Nancy Marks – Printmarks of Our Family’s Journey

I adopted my daughter T. when she was six years old and I was thirty-eight. Her mother had been a client of mine at an AIDS service organization and, as her death approached, asked me if I would take T. when she died. Because of the instantaneous connection with T., becoming her mom is the closest evidence I have of Kismet… and to the real possibility that there might be a god.

"Finding Home: Anna and Me" by Nancy Marks
“T. and Me” by Nancy Marks

When T. turned fifteen, something snapped and she became rageful and depressed. She began to use drugs and harm herself. As the years went on and I endeavored to keep her safe, life for us became more painful, complicated and dangerous. T. experimented living as her first mom did – fast and hard. As she sought the streets, I sought to contain her. My search for help took me far and wide, as I tried to keep T. alive.

"Push/Pull" by Nancy Marks
“Push/Pull” by Nancy Marks

As T. went in and out of treatment facilities, as an artist, I turned to my printmaking for a place to rest, rage and release. When I stood back after two years, I discovered a body of over twenty monoprints that told a conscious/unconscious story: mother to daughter as large “O” and small “o”: forms searching, opposing, and connecting. Forces, both internal and external, caused our tenuous connection to fragment and almost break.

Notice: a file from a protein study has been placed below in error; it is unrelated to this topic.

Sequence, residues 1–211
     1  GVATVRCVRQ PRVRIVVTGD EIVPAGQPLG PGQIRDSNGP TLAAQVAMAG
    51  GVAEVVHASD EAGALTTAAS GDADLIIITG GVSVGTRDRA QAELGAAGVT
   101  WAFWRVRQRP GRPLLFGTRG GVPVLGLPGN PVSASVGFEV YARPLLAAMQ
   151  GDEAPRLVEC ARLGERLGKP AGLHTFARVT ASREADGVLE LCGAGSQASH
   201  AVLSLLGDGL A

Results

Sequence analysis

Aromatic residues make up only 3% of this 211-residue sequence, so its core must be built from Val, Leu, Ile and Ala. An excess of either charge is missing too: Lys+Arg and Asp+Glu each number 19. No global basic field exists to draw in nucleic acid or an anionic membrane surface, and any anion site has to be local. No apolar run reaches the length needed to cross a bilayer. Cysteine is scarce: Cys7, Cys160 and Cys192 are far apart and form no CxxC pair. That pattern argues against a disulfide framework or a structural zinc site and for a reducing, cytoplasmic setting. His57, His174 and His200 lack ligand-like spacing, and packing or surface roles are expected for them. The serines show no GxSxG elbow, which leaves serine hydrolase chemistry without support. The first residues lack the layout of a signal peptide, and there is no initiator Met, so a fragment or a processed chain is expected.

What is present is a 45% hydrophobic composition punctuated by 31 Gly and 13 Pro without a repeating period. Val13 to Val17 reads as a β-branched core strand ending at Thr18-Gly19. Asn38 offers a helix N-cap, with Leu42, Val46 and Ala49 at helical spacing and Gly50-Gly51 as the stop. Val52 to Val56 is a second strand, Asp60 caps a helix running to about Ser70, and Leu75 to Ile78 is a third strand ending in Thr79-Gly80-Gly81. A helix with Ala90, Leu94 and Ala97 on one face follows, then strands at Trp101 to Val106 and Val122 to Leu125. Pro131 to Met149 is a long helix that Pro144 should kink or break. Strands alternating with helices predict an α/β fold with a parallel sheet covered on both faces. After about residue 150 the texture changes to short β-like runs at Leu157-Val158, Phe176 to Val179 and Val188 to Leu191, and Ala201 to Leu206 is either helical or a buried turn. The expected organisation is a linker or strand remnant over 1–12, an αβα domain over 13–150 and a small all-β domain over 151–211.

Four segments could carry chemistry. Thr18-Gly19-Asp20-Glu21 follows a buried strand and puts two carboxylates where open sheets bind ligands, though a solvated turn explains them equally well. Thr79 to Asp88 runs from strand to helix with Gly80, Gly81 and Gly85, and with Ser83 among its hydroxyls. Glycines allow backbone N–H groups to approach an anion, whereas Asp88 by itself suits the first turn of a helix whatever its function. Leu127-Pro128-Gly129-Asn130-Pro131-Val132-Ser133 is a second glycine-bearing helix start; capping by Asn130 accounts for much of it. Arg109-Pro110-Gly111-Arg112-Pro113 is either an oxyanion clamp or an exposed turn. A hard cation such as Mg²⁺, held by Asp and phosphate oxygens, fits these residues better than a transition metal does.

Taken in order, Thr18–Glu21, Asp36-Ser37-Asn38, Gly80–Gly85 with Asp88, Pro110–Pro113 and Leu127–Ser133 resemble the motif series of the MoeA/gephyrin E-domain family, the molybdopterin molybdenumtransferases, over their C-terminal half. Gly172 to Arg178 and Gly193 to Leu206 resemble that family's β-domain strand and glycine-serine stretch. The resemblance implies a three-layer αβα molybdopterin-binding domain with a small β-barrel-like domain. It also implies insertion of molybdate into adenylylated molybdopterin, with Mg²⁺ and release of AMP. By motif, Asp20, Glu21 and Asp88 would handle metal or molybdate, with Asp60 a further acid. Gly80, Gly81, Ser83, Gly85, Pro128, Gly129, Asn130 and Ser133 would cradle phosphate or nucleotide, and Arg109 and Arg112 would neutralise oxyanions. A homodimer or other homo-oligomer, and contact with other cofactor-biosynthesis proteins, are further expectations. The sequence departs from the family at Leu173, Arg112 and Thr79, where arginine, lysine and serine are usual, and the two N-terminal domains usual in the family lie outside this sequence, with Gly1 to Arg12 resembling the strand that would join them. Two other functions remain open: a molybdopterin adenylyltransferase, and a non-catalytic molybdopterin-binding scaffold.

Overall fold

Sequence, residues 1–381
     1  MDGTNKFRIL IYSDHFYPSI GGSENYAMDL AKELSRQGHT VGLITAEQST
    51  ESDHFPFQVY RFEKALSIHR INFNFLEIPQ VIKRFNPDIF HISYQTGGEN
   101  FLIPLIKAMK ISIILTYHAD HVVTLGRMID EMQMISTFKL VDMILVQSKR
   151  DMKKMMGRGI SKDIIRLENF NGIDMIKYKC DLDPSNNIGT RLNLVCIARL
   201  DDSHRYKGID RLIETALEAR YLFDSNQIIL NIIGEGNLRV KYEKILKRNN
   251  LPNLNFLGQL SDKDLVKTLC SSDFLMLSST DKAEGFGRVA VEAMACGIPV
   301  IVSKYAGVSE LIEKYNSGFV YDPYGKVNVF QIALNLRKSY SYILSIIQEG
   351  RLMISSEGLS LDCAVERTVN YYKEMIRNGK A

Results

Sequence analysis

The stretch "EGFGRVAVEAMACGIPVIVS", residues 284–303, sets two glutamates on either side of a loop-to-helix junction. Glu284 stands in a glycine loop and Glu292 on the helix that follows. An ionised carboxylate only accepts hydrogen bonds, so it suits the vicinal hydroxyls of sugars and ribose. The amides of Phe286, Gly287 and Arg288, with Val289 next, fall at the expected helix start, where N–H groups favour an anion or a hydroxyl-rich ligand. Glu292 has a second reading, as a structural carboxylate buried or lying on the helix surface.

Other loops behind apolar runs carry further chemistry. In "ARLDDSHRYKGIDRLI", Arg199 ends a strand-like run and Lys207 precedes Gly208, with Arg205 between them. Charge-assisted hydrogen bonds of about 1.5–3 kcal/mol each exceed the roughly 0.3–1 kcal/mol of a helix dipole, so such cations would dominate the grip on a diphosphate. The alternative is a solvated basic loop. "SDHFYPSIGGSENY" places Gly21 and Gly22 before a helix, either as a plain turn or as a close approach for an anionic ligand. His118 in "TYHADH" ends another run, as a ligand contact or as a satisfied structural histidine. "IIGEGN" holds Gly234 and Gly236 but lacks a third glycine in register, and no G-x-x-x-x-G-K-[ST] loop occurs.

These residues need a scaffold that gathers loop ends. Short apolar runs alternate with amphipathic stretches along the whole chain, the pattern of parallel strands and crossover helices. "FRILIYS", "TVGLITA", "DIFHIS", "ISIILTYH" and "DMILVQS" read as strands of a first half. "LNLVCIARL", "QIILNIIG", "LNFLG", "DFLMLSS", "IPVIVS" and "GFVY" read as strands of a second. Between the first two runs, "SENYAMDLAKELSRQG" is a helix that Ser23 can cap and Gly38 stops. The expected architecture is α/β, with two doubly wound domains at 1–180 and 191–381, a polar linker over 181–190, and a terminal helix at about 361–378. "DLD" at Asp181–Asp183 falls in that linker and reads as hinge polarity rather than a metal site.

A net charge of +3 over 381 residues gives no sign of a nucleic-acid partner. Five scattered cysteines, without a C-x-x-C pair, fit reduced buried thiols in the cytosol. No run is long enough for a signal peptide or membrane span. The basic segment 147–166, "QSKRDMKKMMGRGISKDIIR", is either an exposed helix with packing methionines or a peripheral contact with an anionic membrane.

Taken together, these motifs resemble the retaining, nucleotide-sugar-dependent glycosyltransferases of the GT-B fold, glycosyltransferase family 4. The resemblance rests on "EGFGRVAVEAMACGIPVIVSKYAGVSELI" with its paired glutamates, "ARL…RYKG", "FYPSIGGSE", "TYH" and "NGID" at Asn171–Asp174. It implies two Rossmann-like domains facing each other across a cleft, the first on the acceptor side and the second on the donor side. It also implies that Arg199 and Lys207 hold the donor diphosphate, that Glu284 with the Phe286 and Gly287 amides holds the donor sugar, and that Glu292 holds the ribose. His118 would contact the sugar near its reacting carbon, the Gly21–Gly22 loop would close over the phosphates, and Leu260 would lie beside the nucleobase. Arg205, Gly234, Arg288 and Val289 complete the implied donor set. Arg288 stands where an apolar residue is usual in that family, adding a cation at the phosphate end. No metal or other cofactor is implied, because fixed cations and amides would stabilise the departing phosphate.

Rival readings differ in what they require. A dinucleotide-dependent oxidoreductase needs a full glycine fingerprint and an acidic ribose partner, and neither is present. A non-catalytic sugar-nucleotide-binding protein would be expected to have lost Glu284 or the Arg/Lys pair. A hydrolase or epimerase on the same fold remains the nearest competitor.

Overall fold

"T. in Treatment" by Nancy Marks
“T. in Treatment” by Nancy Marks

T. and I went through extraordinarily challenges because of, and in spite of, our deep bond. In the end, each of us sought to find a way back to herself and to the other.

"Mother's Day" by Nancy Marks
“Mother’s Day” by Nancy Marks

Mother’s Day

Tonight is mother’s day
for me.

I lose count of
the nights
the years
the lifetimes
I rushed into
your half-lit room
to tell you
it’s ok
and rock you back to sleep.

I remember
the waning moon
as it followed me
from house
to hospital
and back again.
And again.

This would be too
complicated a poem
if I tried to tell the story
of the night
your mom passed on,
and passed you
to me.

Her shaking hands, round
the white styrofoam cup of
orange crush
as if it were her
And it was.

Later, I leaned heavy against
the wooden door
and watched you
just to make sure.

Nancy Marks,



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